Associative learning assay for larval Drosophila.

Figure 1. Associative learning assay for larval Drosophila.
A group of 30 larvae is trained in a petri dish by pairing sugar (green) with n-amylacetate (AM), and a pure, tasteless substrate(white) with either a
second odor (X) (‘two-odor paradigm’) or no odor (‘one-odor paradigm’). In the subsequent test, the AM preference (Pref 1) is calculated as number of larvae on the AM side minus the number of larvae on the other side, divided by the total number. A second group of 30 animals is trained reciprocally (Pref 2). The performance index as measurement of conditioned behaviour is calculated as the difference of Pref 1 and Pref 2,
divided by 2. Appetitive memory results in positive performance index scores (rightmost plot); negative scores would indicate aversive memory. From Schleyer et al (in press).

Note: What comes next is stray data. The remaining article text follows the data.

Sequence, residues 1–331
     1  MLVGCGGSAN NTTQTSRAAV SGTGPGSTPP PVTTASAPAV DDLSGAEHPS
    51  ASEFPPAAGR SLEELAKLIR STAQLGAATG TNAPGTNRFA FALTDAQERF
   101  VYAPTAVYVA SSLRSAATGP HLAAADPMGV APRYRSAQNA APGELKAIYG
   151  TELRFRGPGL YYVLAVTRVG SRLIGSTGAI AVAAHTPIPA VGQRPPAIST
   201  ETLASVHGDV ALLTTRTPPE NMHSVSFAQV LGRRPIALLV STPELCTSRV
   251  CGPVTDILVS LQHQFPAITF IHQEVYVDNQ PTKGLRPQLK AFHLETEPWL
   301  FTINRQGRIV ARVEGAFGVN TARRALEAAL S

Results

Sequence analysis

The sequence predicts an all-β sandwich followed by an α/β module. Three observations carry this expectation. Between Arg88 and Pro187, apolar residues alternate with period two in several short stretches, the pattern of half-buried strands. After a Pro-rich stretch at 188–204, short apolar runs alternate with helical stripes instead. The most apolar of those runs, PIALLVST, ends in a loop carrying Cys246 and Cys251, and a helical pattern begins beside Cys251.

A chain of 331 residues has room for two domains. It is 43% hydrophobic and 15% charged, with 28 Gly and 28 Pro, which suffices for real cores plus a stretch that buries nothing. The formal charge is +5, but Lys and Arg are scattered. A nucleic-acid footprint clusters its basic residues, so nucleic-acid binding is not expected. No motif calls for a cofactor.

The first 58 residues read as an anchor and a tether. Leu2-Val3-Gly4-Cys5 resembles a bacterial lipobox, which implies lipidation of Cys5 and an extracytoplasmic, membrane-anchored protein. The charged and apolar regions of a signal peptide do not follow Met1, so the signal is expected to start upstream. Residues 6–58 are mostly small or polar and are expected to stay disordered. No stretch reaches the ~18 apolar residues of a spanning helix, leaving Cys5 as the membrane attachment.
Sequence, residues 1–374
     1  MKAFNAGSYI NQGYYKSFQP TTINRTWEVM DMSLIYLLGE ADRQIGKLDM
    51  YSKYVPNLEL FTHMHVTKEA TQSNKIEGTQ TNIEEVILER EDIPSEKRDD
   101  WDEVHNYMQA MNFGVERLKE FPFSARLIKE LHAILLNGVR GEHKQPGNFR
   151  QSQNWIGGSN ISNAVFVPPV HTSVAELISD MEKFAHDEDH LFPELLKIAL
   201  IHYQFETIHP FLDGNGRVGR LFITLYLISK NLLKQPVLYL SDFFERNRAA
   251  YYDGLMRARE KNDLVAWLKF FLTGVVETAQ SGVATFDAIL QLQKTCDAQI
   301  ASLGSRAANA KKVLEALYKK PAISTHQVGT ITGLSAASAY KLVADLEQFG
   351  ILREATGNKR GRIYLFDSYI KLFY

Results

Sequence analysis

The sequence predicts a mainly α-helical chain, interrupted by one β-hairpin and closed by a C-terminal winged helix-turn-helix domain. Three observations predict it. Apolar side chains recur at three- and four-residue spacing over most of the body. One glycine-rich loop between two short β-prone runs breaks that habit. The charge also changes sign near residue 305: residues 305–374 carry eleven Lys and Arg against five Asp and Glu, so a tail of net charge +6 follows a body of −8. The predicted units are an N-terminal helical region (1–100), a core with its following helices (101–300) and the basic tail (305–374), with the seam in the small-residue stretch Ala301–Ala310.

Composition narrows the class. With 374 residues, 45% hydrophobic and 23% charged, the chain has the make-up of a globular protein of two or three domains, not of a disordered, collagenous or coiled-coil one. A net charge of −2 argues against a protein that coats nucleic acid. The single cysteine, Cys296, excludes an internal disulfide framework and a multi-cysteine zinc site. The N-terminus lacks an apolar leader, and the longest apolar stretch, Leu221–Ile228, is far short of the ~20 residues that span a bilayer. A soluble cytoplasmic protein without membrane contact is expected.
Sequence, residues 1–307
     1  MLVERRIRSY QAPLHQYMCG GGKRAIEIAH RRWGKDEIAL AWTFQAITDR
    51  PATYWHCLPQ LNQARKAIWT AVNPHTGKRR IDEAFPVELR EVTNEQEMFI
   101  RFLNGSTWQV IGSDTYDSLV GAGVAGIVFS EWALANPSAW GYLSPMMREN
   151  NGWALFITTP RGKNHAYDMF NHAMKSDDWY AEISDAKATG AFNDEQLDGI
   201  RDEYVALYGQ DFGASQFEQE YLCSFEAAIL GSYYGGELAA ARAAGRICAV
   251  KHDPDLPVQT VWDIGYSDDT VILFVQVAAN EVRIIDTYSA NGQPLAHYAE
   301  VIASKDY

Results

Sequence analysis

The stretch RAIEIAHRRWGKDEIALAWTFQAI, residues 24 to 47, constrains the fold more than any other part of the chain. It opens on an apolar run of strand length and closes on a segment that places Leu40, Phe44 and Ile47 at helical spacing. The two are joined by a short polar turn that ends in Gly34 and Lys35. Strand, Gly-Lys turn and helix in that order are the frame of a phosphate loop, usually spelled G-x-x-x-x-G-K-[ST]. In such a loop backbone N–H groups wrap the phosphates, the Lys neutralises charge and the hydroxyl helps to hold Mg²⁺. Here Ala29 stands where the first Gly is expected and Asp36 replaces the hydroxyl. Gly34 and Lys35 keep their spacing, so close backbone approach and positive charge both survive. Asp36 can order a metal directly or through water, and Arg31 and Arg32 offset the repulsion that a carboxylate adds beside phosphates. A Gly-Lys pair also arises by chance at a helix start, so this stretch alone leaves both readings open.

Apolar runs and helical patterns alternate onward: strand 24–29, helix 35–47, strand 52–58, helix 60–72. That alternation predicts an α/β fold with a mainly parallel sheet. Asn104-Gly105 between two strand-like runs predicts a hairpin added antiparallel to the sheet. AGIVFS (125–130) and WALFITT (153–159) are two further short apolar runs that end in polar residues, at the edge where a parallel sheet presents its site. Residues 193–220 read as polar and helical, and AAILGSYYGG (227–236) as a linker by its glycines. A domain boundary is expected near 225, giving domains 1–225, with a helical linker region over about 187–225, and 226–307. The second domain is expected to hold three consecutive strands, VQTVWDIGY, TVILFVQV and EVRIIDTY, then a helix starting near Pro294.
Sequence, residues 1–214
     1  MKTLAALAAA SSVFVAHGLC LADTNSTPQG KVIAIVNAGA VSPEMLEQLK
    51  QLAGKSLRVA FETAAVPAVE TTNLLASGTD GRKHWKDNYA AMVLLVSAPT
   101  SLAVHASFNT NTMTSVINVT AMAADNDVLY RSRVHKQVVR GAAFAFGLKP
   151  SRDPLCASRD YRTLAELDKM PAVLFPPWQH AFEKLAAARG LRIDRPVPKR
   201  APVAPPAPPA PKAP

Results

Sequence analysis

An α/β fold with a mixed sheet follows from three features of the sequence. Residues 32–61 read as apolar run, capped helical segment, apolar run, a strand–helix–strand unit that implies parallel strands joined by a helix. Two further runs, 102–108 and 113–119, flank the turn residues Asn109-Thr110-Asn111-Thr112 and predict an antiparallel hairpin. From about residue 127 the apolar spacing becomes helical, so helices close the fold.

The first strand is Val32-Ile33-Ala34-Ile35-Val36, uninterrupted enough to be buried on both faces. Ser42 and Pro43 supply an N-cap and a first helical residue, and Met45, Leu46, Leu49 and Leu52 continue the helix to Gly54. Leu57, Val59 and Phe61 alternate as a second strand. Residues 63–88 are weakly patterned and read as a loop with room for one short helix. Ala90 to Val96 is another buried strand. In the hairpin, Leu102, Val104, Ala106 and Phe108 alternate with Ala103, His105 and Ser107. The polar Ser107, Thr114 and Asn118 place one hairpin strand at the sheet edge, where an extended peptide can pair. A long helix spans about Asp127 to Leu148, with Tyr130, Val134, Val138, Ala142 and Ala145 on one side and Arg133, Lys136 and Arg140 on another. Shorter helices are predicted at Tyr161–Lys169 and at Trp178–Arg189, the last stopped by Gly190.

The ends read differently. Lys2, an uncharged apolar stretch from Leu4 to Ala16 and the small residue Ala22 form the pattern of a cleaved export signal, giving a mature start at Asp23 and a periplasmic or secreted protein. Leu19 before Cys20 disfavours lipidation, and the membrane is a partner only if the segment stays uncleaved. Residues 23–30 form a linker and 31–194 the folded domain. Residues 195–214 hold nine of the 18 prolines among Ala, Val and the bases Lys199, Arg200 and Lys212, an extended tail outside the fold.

(A) Larvae are trained such that in the reciprocal groups n-amylacetate (AM) is either paired with or not paired with a 0.2mol–1 fructose  reward. Subsequently, larvae are tested for their AM preference on either a tasteless, plain agarose substrate, or in the presence of 0.02, 0.2 or 2mol–1 fructose. (B) Neither the training concentration of fructose alone, nor the testing concentration of fructose alone can  account for conditioned behaviour. Rather, appetitive conditioned behaviour is expressed only when the trained fructose concentration is higher than the fructose concentration during the test. (C)Innate, experimentally naive olfactory preference towards AM is not influenced by the presence of fructose. (D)Innate, experimentally naive gustatory preference towards fructose is not influenced by the presence of AM. Thus, the learnt odour is tracked down only ʻin search for moreʼ, i.e. when doing so promises a positive outcome or ʻgainʼ. For the aversive case (not shown), the situation is inverse: aversive memory traces are behaviourally expressed only when the testing situation is as ʻbadʼ as or worse than the punishment used in training. From Diegelmann et al, 2013.